NEW YORK, June 3, CMC – Declaring her socialist-run country’s electoral system is democratic, the sex expert daughter of Cuban President Raúl Castro has stopped short of expanding her support of gay and lesbian rights in Cuba to include either an apology for past persecution or greater political and religious freedom.
Sexologist Mariela Castro told a panel on lesbian, gay, bisexual and transgender (LGBT) rights her Cuba’s electoral system “is so democratic that no one wants to talk about it,” although she believes that “it could be even more democratic.” Cuba is a one-party state, ruled by the Communist Party since the Castro brothers-led revolution to overthrown dictator Fulgencio Batista in January 1959.
Castro also told the New York Public Library audience that Cuban government’s apology for its past persecution of gays “would be an act of hypocrisy”.
Castro’s appearance on the panel drew complaints that organisers had hand-picked the audience to avert hostile questions or other confrontations.
When one audience member asked whether Cuba’s Communist Party government needed to apologise for its persecution of gays over its half-century rule, she replied that “to ask for forgiveness now would be an act of hypocrisy that will not change the past.”
What is needed is to “transform” society to avoid future problems, Castro said.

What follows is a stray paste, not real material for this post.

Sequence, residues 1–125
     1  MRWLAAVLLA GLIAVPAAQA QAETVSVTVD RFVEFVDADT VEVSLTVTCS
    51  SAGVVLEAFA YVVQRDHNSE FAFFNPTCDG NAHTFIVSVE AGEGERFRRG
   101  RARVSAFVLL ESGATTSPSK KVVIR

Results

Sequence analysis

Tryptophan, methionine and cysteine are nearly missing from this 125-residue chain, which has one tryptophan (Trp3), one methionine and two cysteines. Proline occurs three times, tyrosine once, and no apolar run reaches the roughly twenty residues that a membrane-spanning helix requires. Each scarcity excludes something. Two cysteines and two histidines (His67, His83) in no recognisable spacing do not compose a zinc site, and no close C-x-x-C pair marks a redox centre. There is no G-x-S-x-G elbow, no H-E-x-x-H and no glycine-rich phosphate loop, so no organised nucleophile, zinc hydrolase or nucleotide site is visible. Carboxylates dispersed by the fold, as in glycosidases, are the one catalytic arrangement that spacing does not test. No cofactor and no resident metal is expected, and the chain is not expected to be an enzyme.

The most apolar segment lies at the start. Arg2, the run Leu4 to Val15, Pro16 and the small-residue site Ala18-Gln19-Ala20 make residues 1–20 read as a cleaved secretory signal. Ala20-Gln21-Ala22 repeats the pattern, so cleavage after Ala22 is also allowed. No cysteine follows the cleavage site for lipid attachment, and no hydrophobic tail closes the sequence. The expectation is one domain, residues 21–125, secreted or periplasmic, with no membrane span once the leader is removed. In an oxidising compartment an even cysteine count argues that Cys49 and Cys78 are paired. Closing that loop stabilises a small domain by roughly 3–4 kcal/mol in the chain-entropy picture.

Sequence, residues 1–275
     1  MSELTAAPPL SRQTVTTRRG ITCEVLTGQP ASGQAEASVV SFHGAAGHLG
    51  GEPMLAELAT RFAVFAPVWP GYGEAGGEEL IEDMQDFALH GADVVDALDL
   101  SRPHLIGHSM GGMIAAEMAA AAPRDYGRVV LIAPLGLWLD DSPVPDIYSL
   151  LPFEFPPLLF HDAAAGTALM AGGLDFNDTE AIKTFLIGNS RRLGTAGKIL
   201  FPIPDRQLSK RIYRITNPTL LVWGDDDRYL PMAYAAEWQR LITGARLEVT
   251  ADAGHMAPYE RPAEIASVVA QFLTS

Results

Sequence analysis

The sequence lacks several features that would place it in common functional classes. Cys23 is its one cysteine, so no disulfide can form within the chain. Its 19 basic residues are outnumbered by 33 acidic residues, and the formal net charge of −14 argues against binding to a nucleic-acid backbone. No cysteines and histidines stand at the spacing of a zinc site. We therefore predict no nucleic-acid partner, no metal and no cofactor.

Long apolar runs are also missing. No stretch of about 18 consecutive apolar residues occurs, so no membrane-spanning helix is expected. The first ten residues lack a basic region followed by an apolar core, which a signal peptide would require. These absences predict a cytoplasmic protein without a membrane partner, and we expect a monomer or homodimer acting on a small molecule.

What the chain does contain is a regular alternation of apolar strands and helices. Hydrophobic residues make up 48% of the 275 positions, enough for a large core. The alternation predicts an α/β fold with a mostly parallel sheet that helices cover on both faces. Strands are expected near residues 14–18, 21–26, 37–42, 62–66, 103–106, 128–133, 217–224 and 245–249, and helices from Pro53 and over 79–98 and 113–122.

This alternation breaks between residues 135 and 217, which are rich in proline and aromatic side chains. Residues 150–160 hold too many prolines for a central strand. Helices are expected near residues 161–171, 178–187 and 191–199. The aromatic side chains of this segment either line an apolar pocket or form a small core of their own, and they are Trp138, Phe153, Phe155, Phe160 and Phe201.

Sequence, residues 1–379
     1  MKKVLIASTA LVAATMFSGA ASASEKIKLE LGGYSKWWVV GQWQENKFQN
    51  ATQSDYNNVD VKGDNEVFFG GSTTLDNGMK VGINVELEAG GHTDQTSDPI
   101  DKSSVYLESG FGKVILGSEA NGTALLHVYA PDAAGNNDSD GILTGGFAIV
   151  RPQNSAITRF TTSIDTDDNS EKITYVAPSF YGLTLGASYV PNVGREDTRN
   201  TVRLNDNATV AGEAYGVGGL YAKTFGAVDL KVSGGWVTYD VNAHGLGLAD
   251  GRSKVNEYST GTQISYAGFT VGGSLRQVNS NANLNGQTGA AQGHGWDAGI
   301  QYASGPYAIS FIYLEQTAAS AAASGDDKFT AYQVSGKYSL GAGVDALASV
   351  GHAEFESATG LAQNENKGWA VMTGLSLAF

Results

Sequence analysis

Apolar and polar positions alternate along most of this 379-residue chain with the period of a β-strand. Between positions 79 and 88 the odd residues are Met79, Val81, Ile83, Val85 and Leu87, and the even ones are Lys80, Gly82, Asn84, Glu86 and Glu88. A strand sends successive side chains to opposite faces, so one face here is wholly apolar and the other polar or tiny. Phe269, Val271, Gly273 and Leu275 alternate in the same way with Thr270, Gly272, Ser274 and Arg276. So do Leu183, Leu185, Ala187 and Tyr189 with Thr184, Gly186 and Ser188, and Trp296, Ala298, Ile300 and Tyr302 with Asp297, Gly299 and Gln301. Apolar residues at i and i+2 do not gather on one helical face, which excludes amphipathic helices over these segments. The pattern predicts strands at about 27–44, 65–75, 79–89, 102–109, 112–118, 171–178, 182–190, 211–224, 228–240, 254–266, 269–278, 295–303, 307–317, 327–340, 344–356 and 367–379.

But Castro’s push for LGBT rights in Cuba stopped short of being expanded to include “people with different religious or political view,” said panellist Rea Carey, executive director of the National Gay and Lesbian Task Force.
“What I was struck by, in some ways, because she has had such a passionate commitment to LGBT issues, it’s what many see as an inconsistency in a human rights framework,” Carey said.
Gay Cuban dissidents accuse Castro, who heads the National Centre for Sex Education in Havana, of helping only those gays who support her father’s government, and attacking the work of others as provocations.
The New York Public Library, in a statement, denied that the event’s organisers, who work in the library’s LGBT Collections department, had packed a friendly audience and kept out critics.
Mariela Castro’s US tour includes a presentation on LGBT rights to an academic conference in San Francisco last week, a visit to the United Nations and a meeting with the Council on Foreign Relations in New York.
Her visit has been dogged by controversy, including her comment that she would vote for President Barack Obama if she could, and complaints from Cuban-American gays and members of the US Congress that she should not have been issued a US visa.